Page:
Bankrate: "How to Survive As a One-Income Family"
It's a good article, and Teri Cettina is a good writer. But I contend that it doesn't take three pages to lay out this particular how-to. And I'd also contend that they left off one big chunk of the story.
Now, we're currently a one-income family, and have been since mid-2002. So far it's been a pretty manageable ride. So what I say here comes from personal experience. I've watched as others have tried to get by on one income (in our two-income world, as that's surely what it is) and failed. If someone were to ask me, "How'd you do it?" my responses would run along these lines:
Live Someplace Cheap
This, in my opinion, is what the Bankrate article left off. And it's too important a factor to ignore. If you live in an area where the cost of living is high, and your income isn't, then you're going to have a tough time making ends meet on a single paycheck. It's that simple. We live in Oklahoma, where the dirt is red, consumer prices are pretty cheap, and you can still find decent 3-bedroom homes for less than $90k. And you won't have train tracks carving up your backyard, either.
Don't Do Debt
This should be a no-brainer. If you're looking to scale down to a life that runs on one income, and you're bringing a truckload of debt into the picture, then you have your work cut out for you. I found it interesting that financial planner John Vyge threw out some specific numbers in the Bankrate article:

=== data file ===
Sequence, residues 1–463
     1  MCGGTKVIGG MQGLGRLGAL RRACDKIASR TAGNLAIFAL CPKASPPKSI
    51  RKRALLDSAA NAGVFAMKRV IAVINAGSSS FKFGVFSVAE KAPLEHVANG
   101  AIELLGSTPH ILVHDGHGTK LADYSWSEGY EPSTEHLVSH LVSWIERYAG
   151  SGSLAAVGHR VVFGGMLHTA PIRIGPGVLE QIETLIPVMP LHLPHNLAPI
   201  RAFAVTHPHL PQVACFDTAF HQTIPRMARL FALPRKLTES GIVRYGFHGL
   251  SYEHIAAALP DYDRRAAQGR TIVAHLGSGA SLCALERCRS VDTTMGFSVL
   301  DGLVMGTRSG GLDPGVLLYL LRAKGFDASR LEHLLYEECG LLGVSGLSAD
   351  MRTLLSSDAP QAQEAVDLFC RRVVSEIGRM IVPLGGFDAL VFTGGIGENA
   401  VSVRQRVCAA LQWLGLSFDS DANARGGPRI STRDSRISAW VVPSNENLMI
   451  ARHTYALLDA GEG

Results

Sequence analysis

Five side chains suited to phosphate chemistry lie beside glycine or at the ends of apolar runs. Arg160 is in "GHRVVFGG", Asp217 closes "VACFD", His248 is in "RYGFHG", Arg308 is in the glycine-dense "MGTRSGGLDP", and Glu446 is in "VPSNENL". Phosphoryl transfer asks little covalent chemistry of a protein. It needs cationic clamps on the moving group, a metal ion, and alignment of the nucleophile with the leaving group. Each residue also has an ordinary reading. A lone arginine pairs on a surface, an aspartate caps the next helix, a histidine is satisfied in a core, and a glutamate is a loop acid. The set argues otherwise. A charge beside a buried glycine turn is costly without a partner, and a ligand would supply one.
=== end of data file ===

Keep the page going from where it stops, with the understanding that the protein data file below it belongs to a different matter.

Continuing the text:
A good rule of thumb is that you're not ready to move to one income if your total debts — that means your mortgage, including taxes and insurance, car payments, and credit card payments — are going to take up more than 36 percent of the breadwinner's gross annual income.
Personally, I think it's stupid to base any sort of spending guidelines on gross income. I know a lot of people, and I don't know a single soul who gets to spend his or her gross income. Also, I think Mr. Vyge meant to say "gross monthly income," not "gross annual income," as most debt payments occur on a monthly basis.
The gist of this is: If you want to get by on one income, you better not have much in the way of monthly payments.
Plan Your Spending
In other words, you will have to do everything you can to ensure that what comes in, money-wise, is more than what goes out. This means you'll likely have to budget — to plan your spending. I'm fairly twisted in that I actually enjoy this endeavor. I've made it into something of a financial spreadsheet-based game of sorts.
Be Prepared to Say "No"
Less income means less choices. Or, if you're so inclined, more debt. Your call.
And that's about it. Surviving on one income is a whole lot about what you've done in the past — meaning that if you've kept your lifestyle and spending and debt under control going into your one-income period, or can clear it up really quick, you might well be able to flip the societal norm (two-income living) on its head, and do things your own way.
I had doubts early on, but now, after four years of doing it, I know:
If you can manage your money (and your lifestyle) effectively, then you can still survive on one income.